Interview: Standard Star (1979)

This interview was published in the Standard Star on 15 April 1979.

England's Comic Master

By Jacques le Sourd

Search no more for the funniest play on Broadway: It's
Bedroom Farce, the latest import from London and the most recent work to reach these shores by Alan Ayckbourn, an uncommonly prolific writer of comedies who previously unleashed tidal waves of laughter on the Great White Way with The Norman Conquests and Absurd Person Singular.

Bedroom Farce is set, not surprisingly, in bedrooms - three of them, on a single rather calamitous Saturday night. The three couples who are the rightful occupants of these chambers are plagued by a fourth couple, Trevor and Susannah, who are the sort of people who insist on foisting their marital discord on all their friends and relations. Meanwhile, those friends and relations struggle with little problems of their own. What ensues can best be described as very civilised, very British pandemonium. And marvellous fun.

The author of this inspired comedic mayhem is a 39-year-old Englishman who runs a theatre in Scarborough, about 300 miles from London, and who has written some 22 plays, 18 of which have been produced in Britain.

I met Ayckbourn for lunch on the day of the Broadway opening of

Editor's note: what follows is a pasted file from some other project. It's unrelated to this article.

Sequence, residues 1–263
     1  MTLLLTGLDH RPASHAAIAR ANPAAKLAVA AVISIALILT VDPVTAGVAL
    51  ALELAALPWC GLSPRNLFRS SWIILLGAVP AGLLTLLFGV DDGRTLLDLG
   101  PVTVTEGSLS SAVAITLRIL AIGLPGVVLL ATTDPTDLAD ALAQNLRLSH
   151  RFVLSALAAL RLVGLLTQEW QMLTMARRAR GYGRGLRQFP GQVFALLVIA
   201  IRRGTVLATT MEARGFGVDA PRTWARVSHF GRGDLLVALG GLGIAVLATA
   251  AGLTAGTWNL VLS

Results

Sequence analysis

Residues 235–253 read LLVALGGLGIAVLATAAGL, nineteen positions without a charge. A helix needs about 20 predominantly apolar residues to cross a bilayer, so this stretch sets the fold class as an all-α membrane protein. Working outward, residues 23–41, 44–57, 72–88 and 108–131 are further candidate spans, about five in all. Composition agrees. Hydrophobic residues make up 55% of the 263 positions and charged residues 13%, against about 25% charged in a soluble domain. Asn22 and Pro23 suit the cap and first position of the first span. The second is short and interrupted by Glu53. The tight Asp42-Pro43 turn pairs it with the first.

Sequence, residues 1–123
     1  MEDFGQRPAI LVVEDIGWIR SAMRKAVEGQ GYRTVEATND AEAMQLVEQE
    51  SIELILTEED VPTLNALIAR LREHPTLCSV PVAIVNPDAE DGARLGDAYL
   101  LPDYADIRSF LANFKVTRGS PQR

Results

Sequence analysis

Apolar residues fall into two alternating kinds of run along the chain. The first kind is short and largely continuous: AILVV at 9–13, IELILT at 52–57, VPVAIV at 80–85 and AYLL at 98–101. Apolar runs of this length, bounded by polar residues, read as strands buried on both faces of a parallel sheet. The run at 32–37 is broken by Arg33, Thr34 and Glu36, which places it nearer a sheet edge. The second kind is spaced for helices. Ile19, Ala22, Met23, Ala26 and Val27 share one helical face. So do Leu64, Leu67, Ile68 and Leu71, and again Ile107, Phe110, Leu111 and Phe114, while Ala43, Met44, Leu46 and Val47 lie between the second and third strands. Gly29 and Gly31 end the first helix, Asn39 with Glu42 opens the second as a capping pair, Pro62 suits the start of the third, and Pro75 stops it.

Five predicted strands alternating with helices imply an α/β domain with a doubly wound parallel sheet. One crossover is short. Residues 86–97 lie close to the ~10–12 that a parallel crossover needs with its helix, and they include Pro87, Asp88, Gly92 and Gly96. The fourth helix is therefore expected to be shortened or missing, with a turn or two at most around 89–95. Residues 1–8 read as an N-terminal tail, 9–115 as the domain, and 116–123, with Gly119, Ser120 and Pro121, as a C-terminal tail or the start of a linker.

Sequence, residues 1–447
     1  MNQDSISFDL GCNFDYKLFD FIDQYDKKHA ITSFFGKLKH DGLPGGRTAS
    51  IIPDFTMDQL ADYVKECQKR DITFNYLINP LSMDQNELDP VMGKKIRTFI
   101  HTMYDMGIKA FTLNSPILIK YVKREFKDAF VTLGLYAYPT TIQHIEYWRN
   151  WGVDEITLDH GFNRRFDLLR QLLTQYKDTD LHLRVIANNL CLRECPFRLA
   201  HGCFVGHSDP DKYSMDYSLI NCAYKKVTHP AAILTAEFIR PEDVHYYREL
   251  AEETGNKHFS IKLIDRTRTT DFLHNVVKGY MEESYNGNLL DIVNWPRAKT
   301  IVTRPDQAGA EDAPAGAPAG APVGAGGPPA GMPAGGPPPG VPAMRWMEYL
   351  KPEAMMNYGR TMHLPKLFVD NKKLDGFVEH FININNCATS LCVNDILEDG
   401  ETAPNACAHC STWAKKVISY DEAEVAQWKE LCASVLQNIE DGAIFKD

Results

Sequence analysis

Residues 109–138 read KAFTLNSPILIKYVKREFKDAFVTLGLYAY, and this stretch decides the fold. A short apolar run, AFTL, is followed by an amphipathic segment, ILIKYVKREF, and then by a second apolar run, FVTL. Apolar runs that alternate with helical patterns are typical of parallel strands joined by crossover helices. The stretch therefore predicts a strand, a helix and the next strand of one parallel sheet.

Bedroom Farce. An extremely shy man whose terror of big cities is legendary - one of his earliest plays was about a family living in a double-decker bus that had been stuck in a London traffic jam for 20 years [Standing Room Only] - he looked tense but composed, and almost jolly. "I'm naturally nervous in New York anyway," he said, "and since I always associate being in New York with opening a play, I'm doubly nervous."

Not the city but the suburbs of London - "that sort of no man's land where people live just outside the centre of activities" - are Ayckbourn's natural habitat. He grew up there, moving from one depressing flat to the next amid family discord. And he sets his plays there.

"I always think of my characters as living in a town like Reading, which is about 25 or 30 miles from London," he told me. "A really dreadful place. You go there and think - what happens in Reading? There's nothing there that could possibly inspire or encourage human life at all. Yrt people surviving there may well be having a ball!"

Though his humour is firmly lodged in one locale, Ayckbourn's plays travel well - they're translated into numerous languages, and produced everywhere.

"People loathe and love each other in all languages," he said. "Because I do deal with the primaries of life and death - the seven deadly sins come in quite a lot - the plays seem to have no particular boundaries. The things that have translated have been the human elements. I suppose I want less to dispense ideas than to dispense feelings, really understanding, towards people. Which I suppose is necessarily universal. My humour is not a matter of laughing at but laughing with or for people, saying, 'Oh God, I know how it feels.'"